Disposal Electronics


When you're ordering electronic and electrical equipment on svb24.com and your delivery address is in any European country please consider that local regulations on the disposal of and recycling of electronic and electrical equipment may apply.

All Electronic and Electrical Equipment (EEE) placed onto the market in Europe must be marked with this symbol to indicate that they are covered by the WEEE Directive, which imposes a number of obligations on producers of EEE including obligations relating to the financing of the take-back treatment and recycling of end of life equipment (WEEE):

When you're ordering electronic and electrical articles on svb24.com to a European address please consider that local regulations on the disposal of and recycling of electronic and electrical may vary.

Are there any other ways of disposing of my old electronic equipment?

If your old piece of electronic equipment is still in a good working condition or could be repaired for further use, please consider donating it to a charitable organization or giving it to someone else in need. By extending the lifetime of your old equipment you're also contributing to the efficient use of resources and avoiding additional waste.

Please note that you shouldn't dispose of your WEEE yourself in household waste. EEE may contain hazardous substances which, if exposed, may have a serious detrimental effect on the environment and human health. That's why all WEEE that you volunteer for recycling should be treated by designated local waste facility and recycling centres. By ensuring that you dispose of your old electrical and electronic equipment in accordance with the WEEE Directive, you are helping to preserve our natural resources and protect human health.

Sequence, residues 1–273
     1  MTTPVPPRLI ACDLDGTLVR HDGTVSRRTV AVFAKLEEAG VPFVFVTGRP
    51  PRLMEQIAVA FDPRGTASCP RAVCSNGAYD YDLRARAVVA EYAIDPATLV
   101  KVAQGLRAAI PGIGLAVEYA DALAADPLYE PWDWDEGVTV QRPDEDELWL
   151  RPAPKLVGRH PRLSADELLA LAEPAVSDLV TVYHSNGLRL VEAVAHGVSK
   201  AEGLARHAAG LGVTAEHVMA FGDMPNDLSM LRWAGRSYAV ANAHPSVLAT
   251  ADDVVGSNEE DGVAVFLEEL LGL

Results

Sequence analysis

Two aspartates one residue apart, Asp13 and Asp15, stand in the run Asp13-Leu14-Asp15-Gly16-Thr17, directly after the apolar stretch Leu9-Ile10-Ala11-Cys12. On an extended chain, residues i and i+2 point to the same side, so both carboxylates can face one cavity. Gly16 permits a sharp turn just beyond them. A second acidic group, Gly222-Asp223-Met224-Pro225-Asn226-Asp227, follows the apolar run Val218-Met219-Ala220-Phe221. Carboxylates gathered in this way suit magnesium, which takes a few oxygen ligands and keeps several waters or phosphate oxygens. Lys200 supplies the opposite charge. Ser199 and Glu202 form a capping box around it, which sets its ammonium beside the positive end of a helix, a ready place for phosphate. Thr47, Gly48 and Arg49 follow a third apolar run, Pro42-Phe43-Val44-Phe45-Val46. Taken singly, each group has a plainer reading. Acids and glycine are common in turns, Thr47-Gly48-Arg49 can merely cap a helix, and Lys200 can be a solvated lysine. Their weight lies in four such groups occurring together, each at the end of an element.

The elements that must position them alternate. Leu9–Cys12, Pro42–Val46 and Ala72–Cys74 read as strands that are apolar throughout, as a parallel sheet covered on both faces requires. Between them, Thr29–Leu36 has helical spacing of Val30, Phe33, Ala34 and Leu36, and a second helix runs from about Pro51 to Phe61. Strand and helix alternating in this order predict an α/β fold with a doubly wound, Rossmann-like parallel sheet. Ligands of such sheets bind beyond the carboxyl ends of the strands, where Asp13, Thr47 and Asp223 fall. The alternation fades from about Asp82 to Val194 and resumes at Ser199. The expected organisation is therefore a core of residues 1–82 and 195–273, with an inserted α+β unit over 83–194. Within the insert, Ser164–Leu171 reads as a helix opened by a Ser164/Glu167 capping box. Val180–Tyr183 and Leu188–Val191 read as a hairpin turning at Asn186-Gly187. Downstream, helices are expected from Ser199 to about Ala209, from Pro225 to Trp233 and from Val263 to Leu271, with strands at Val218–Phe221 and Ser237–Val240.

What is the WEEE Directive?

The production of electrical and electronic equipment is one of the fastest growing domains of manufacturing in the western world, and with broad consumer take-up of products in this area, there is also a mounting issue of waste. In June 2000, the European Commission put forward proposals to address this issue, and in December 2002 these were passed as the EU Waste Electronic and Electrical Equipment (WEEE) Directive.

The EU member states have since passed national laws implementing the WEEE Directive, putting specific requirements on producers and distributors of Electronic and Electrical Equipment (EEE).

The major provisions of the WEEE Directive are:

  • Producers participate in the financing of the take back, treatment and recycling of end-of-life equipment
  • To improve re-use/recycling of WEEE
  • To ensure the separate collection of WEEE
  • To inform the public about their role in dealing with WEEE

Which products fall under the legislation and how do I recognise them?

The WEEE Directive divides Electronic and Electrical Equipment into ten categories:

  • Category 1 - Large household appliances (fridges, cookers, microwaves, washing machines, etc.)
  • Category 2 - Small household appliances (vacuum cleaners, clocks, toasters, etc.)
  • Category 3 - IT and Telecommunications equipment (PCs, mainframes, printers, copiers, phones, etc.)
  • Category 4 - Consumer equipment (radios, hi-fi, musical instruments, videos, camcorders, etc.)
  • Category 5 - Lighting equipment (fluorescent tubes and holders, sodium lamps, etc.)
  • Category 6 - Electrical and electronic tools (drills, sewing machines, electric lawnmowers, etc.)
  • Category 7 - Toys, leisure and sports equipment (electric trains, games consoles, exercise machines, etc.)
  • Category 8 - Medical devices (analysers, dialysis machines, medical freezers, etc.)
  • Category 9 - Monitoring and control equipment (smoke detectors, thermostats, scales, etc.)
  • Category 10 - Automatic dispensers (hot drinks machines, sweet and chocolate bar dispensers, cash machines, etc.)